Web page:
Defamation remains a huge hindrance to media freedom as enshrined in the 1995 Constitution of the Republic of Uganda including article 29, which states that Every person shall have the right to— (a) freedom of speech and expression which shall include freedom of the press and other media;
The African Commission on Human and Peoples’ Rights, in November 2010 passed a resolution stating that: “criminal defamation laws constitute a serious interference with freedom of expression and impedes on the role of the media as a watchdog, preventing journalists and media practitioners to practice their profession without fear and in good faith;” The Commission called upon State parties including Uganda, to repeal criminal defamation laws because they impede on freedom of speech.
In 2009, the United Kingdom abolished criminal defamation entirely from their legal books.
Government orders arrest of notorious land grabber in Mubende district.
By Witness Radio team
The government of Uganda has ordered the Police in Mubende to oversee the arrest of a land grabber in the Mubende district whose evictions have caused suffering to residents in Mubende for over a decade.
The Prime minister of Uganda, Rt Hon. Robina Nabbanja while meeting the affected residents at her home in Kakumiro district ordered the arrest of Milly Naava Namutebi and halted all activities carried out by a land grabber on people’s land. She further made it clear that all residents remain on their land till her visit to ascertain the true owner of the land.
For over a decade, Naava has been carrying out forced evictions in the area with the assistance of the area police which has rendered people homeless. People have lost land, lack food, children are not schooling and families have broken as a result of her unending violent evictions. Defenders have been framed and arrested, whereas others have been beaten in evictions.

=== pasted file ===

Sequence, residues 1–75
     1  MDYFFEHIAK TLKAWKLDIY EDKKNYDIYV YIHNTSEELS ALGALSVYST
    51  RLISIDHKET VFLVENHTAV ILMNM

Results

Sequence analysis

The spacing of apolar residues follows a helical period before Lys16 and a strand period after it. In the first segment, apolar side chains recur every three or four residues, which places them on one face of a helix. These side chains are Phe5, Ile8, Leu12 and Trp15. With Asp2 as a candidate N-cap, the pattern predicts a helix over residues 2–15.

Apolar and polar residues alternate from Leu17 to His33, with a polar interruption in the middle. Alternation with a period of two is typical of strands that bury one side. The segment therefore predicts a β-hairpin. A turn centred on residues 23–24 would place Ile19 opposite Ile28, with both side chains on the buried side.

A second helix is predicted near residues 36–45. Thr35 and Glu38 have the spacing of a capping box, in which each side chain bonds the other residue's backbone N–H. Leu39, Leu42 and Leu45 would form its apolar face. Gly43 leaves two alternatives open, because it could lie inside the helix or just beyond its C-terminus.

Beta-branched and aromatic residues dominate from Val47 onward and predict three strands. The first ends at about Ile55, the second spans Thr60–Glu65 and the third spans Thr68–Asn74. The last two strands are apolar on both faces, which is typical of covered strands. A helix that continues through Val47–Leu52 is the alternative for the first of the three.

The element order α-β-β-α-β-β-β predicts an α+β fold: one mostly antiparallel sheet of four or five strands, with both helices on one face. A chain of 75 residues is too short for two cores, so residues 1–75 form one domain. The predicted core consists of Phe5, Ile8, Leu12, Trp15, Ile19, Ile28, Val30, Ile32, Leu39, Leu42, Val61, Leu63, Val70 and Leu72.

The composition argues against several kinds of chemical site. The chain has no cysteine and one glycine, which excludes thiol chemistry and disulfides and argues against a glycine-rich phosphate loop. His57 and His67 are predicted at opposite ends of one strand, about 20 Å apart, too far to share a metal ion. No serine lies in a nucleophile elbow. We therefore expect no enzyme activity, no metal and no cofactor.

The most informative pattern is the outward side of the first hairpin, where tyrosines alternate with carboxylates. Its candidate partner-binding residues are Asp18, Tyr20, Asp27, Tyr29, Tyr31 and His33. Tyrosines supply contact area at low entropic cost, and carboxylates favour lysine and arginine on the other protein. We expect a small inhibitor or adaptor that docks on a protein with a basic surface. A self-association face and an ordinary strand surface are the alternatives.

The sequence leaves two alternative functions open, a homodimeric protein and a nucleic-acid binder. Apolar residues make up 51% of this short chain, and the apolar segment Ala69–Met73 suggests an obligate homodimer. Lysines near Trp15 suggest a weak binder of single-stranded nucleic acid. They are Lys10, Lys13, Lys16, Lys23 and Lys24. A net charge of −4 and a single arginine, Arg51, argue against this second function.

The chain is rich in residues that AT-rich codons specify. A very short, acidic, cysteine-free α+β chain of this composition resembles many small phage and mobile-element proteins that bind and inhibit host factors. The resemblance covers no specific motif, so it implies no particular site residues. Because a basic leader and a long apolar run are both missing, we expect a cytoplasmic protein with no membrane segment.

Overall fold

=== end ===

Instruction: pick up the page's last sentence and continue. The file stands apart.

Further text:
Over 3.5 square miles belonging to 4000 residents have all been taken by the wealthy investor without consent from the owners.
Over 60 residents of Kirwanyi in Kiruma sub-county led by their Chairman Bangirana Innocent pitched camp at the Prime minister’s home in protest of the increased and violent evictions of Naava and her men and wanted the prime minister’s intervention to save them from being evicted.
According to the residents, Naava with the protection of police officers was harvesting people’s crops including maize claiming she wanted to use the land. The residents informed Witness Radio that they have been on the said land for generations and wonder how Naava came to own it.
One of the victims, Mr. Lubuuka Godfrey who had over 20 acres of maize told the Prime minister that casual laborers attached to Naava and guarded by the police officers slashed all his plantation and ordered him to leave the land immediately.
“I direct the District Police Commander (DPC) of Mubende and the Resident District Commissioner (RDC) to withdraw the four police officers guarding Naava, and thereafter arrest her for causing distress to the people.” The Rt Hon Prime minister said.
At least 30 houses and hundreds of hectares of crops especially maize were destroyed in the recent violent evictions, according to a community land rights defender, Mr. Ssesazi Christopher.
Naava has on several occasions been arrested and charged for violently evicting people without compensating or resettling them. In July 2022, Naava together with his people at large were arrested, arraigned before the magistrate court in Mubende, and charged with 20 counts including forgery, malicious damage, fraud, and criminal trespass among others.
The Rt Hon Prime minister’s order comes after Naava defied directives of not evicting people on land that were given by the Minister of Lands, Hon Judith Nabakooba. Last year, Nabakooba visited the affected communities and directed no further evictions citing investigations into the land ownership.